Public opinion surveys strongly suggest the right-of-center Conservatives, who have been in power since early 2006, will win a third consecutive term in the May 2 election -- the fourth in less than seven years.
The opposition brought down the minority government in late March, saying it had hidden its spending plans from Parliament, was tainted with sleaze and had botched the job of helping the economy recover from the global crisis.
Harper, who was on the defensive for most of the debate but did not appear to suffer serious damage, said the opposition had provoked what he called an unnecessary election at a time when Canadians should be focusing on the economy.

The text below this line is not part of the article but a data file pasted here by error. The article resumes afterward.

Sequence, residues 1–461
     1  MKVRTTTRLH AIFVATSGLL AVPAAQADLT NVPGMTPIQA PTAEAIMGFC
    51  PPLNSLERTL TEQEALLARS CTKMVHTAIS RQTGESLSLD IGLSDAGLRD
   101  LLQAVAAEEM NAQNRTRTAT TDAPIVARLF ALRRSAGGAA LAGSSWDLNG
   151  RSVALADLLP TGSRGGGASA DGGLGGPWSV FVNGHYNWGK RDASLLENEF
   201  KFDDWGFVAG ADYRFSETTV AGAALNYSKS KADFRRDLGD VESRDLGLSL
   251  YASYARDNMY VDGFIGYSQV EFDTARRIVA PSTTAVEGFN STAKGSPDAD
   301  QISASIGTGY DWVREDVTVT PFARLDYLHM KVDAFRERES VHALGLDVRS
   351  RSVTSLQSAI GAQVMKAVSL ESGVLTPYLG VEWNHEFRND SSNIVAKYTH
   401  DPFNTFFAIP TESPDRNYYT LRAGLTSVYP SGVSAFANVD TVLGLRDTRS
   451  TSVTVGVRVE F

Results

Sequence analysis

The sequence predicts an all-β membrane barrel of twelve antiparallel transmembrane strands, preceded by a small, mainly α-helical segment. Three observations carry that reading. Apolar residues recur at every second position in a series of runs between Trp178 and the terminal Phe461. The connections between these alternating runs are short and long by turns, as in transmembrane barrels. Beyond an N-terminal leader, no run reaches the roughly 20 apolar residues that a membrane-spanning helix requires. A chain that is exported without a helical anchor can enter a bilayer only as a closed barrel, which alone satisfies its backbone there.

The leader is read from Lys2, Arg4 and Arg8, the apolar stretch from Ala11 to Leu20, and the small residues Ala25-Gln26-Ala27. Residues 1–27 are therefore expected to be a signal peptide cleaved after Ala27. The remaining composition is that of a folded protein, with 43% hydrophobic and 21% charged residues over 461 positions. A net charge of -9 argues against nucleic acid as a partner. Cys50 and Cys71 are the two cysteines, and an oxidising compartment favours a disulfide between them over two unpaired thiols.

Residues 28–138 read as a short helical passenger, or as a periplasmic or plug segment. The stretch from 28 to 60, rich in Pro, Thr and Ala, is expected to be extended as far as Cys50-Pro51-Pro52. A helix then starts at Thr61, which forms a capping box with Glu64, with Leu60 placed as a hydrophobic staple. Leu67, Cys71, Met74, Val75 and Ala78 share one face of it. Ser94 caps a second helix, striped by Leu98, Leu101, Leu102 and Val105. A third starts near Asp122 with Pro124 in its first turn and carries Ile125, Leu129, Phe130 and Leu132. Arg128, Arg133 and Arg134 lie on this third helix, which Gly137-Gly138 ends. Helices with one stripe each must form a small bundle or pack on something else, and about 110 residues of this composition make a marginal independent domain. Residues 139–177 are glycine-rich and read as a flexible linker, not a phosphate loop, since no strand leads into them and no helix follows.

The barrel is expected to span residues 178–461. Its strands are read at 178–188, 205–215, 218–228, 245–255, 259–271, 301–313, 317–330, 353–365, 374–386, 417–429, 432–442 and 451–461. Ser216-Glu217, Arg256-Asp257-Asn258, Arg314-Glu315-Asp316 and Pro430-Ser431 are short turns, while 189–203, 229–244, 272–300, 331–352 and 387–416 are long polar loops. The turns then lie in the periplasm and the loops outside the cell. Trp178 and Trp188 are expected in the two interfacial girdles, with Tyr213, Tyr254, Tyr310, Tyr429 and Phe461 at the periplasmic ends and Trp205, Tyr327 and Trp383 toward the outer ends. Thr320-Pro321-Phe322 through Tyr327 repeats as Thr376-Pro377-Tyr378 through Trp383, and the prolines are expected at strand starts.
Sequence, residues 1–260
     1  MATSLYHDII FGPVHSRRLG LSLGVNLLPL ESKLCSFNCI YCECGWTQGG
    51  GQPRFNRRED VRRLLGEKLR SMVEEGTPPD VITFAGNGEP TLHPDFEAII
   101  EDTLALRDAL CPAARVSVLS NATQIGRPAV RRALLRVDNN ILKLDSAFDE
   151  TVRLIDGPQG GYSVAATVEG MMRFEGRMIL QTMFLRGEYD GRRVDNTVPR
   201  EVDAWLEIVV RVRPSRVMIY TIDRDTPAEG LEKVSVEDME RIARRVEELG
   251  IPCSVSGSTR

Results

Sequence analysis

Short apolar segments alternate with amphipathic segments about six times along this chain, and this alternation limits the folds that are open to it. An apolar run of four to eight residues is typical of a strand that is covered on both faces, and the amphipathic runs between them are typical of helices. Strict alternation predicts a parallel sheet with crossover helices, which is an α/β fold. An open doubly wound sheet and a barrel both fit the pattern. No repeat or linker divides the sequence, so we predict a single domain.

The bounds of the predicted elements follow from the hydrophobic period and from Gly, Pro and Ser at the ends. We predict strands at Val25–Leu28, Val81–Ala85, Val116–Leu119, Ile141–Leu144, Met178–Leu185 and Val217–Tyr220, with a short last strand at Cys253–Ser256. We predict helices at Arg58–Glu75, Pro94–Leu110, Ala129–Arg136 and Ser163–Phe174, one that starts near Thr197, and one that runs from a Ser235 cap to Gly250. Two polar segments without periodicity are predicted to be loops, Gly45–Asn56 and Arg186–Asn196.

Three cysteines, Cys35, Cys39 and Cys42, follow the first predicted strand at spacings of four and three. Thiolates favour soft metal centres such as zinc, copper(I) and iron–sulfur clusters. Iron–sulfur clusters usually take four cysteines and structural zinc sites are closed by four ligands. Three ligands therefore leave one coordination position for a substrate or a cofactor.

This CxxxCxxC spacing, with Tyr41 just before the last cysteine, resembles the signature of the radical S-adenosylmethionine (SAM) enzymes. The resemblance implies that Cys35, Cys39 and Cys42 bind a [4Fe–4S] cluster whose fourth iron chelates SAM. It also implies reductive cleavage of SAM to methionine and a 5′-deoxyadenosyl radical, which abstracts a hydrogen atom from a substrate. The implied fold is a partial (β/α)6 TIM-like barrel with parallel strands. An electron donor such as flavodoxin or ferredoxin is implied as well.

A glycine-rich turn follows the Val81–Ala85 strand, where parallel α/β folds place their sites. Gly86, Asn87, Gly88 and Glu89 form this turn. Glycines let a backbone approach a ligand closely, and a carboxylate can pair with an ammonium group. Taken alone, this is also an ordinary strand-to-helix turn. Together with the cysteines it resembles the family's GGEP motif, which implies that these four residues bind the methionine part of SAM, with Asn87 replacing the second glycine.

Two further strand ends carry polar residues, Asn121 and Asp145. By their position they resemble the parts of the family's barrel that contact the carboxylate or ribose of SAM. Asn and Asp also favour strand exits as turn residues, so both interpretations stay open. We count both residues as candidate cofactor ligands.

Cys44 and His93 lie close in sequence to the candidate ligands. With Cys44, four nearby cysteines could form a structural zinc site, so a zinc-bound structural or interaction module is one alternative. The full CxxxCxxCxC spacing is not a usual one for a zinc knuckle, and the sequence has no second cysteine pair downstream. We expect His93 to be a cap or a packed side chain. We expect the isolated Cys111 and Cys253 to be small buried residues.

The televised two-hour English-language exchange had been seen a crucial chance for Michael Ignatieff, leader of the main opposition Liberal Party, to improve his image. The Conservatives have run a series of attack ads portraying the former broadcaster and academic as an elitist.
"Canadians don't have confidence in your management of the economy because you waste public money," Ignatieff told Harper during one testy exchange, referring to a leaked report from a watchdog that said the government misspent some of the funds earmarked for an international summit last year.
"That kind of deception undermines confidence in your leadership," said Ignatieff.
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